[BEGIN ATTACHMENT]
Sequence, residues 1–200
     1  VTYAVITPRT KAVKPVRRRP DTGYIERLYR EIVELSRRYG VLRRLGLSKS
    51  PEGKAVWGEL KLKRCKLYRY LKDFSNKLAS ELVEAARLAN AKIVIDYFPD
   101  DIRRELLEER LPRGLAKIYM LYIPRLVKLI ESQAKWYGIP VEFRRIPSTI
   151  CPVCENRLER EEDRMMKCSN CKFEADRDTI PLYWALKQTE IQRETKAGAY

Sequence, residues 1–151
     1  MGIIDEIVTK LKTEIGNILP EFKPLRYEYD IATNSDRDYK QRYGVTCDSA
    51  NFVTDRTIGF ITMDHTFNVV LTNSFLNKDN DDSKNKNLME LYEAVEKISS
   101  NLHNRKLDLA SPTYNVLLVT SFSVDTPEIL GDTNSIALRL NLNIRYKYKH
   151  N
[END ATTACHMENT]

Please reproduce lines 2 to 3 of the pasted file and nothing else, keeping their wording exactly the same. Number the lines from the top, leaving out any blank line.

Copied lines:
     1  VTYAVITPRT KAVKPVRRRP DTGYIERLYR EIVELSRRYG VLRRLGLSKS
    51  PEGKAVWGEL KLKRCKLYRY LKDFSNKLAS ELVEAARLAN AKIVIDYFPD